The Statewide Push for Police Reform

Over the last five years, 60 percent of officer-involved shootings occur in Greater Minnesota.

In a 2020 interview with Minnesota Women’s Press, Nicole Archbold, community affairs director for the Department of Public Safety, pointed out that over the last five years 60 percent of officer-involved shootings occur in Greater Minnesota — which might surprise those aware only of high-profile cases in Minneapolis and St. Paul. These cases don’t always lead to death, and sometimes include harm to the officers involved.

The Star Tribune newspaper has tracked how many Minnesotans have been killed by police since 2000, showing that 37 percent died in Greater Minnesota. Many were having a mental health crisis.

Archbold has spent more than two decades in local government, including 15 years with the Minneapolis Police Department. In her current position, Archbold has helped lead a recent Minnesota Working Group on Police- Involved Deadly Force Encounters. The goal of the group is to prevent or reduce deadly encounters with officers across the state.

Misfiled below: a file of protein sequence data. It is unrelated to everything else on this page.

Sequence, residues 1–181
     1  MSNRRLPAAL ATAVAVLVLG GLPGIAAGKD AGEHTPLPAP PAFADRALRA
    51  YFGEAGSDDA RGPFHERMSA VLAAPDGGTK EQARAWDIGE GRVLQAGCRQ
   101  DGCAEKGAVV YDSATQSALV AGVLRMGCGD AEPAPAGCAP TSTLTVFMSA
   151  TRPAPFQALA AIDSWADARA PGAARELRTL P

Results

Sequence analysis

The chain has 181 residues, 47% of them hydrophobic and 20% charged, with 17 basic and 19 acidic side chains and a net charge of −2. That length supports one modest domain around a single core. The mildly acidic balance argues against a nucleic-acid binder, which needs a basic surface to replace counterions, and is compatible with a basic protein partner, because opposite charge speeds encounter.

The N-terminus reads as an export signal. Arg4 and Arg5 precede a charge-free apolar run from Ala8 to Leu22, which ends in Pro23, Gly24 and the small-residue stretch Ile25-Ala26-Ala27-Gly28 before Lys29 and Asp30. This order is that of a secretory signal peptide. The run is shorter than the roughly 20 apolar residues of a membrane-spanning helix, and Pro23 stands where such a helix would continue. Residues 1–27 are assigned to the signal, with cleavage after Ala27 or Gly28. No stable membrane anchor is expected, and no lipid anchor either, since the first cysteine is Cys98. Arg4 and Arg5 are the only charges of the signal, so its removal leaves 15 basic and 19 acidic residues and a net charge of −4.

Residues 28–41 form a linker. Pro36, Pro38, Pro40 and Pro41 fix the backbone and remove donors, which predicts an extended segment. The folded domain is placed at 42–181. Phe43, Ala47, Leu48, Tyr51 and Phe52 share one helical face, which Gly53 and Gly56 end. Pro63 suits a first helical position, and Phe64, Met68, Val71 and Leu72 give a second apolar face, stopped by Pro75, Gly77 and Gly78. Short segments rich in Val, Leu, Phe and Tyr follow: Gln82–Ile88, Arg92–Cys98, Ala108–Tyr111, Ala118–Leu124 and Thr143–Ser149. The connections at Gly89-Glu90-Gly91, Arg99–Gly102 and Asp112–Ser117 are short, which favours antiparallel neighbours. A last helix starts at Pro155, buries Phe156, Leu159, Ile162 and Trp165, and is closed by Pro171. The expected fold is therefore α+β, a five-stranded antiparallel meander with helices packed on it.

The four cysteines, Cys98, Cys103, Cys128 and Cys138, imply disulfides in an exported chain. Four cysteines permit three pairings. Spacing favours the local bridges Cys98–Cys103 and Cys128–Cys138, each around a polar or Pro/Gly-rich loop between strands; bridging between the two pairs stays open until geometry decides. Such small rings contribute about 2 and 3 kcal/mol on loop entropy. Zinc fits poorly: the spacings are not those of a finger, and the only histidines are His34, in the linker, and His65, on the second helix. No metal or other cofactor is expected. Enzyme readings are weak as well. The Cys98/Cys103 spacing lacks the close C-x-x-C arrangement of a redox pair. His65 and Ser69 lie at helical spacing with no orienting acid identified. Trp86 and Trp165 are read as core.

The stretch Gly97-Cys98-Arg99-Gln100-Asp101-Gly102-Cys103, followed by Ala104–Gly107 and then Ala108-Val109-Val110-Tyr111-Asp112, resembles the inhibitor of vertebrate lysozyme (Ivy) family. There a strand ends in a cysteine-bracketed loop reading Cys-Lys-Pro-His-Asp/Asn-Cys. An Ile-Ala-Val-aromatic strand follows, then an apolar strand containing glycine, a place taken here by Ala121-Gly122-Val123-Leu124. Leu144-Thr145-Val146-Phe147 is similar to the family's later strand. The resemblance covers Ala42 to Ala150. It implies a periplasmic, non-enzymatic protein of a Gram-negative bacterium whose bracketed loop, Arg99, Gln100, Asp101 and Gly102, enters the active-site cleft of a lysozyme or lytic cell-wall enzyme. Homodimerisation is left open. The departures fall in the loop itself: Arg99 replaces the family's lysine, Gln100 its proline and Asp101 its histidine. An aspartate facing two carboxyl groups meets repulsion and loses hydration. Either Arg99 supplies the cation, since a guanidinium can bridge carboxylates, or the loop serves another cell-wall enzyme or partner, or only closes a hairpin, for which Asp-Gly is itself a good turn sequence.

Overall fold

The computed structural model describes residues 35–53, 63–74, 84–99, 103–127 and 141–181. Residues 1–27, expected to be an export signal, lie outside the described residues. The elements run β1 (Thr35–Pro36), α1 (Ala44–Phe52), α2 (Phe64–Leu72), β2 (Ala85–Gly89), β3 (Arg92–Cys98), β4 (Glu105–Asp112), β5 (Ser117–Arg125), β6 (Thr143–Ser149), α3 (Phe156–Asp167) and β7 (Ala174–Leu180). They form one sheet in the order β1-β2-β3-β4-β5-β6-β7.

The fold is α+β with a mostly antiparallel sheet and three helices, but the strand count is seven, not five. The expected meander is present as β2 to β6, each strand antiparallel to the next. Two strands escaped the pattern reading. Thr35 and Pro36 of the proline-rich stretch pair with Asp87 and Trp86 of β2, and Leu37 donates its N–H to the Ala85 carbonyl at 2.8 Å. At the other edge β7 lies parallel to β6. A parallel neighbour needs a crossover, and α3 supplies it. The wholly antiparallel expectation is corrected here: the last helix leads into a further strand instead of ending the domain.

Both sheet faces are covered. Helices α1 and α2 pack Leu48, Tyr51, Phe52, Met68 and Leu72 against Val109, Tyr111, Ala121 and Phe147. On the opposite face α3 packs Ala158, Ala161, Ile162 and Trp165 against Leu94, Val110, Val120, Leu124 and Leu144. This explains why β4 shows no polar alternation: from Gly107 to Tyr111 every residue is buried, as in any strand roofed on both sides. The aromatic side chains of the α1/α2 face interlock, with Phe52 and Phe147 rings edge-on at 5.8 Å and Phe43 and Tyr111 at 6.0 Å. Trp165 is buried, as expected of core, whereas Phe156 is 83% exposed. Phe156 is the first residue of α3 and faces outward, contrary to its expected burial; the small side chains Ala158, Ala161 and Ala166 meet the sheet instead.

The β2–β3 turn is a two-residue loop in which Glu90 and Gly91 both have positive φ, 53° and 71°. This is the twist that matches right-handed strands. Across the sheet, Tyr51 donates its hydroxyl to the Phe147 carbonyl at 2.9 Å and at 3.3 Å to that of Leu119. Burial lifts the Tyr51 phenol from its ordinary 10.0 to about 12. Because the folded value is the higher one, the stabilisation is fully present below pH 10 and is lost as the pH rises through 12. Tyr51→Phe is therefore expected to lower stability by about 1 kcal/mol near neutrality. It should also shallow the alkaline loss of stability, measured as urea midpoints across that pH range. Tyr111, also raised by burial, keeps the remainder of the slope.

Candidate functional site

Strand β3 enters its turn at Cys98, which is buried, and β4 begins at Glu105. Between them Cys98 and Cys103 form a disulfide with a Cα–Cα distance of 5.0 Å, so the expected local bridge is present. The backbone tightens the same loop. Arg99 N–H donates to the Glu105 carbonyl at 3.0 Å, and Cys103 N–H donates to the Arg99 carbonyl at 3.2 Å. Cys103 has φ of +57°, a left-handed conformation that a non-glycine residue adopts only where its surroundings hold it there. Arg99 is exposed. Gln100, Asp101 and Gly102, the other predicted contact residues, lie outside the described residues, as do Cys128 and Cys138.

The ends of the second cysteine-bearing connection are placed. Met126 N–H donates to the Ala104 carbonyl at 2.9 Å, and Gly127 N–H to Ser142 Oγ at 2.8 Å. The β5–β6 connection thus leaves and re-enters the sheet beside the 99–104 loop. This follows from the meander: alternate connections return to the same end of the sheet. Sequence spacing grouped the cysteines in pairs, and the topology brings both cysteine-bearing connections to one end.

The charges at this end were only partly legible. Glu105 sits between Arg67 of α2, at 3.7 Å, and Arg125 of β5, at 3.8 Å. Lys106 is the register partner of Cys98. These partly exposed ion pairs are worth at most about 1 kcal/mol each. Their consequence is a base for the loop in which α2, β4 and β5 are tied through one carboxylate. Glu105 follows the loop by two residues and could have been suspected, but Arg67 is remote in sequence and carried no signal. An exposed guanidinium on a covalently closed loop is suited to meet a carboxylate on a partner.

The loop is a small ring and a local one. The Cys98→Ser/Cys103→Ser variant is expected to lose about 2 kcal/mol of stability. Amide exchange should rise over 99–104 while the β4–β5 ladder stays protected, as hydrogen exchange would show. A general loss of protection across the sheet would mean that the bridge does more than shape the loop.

Salena Beasley

For Bemidji area resident Salena Beasley, these efforts cannot come fast enough. Beasley is a member of the Red Lake Nation and works with people who are struggling with chemical dependency and addiction. She is also the mother of three children, and says she worries about whether or not they will have traumatic encounters with local law enforcement officers.

Living in fear regarding her children’s potential interactions with the police and the criminal justice system “is an unsettling, unnerving feeling,” she admits. And for Beasley, these concerns are not just hypothetical.

In recent years, one of her children was accused of a crime and stood trial in Bemidji. There were no people of color selected for the jury. Her son was found guilty. The conviction was later overturned in the court of appeals.

When she advocated for him, Beasley says she faced retaliation and ended up losing her job. This dire situation nearly left her family “penniless,” she says, until she was able to land a new position.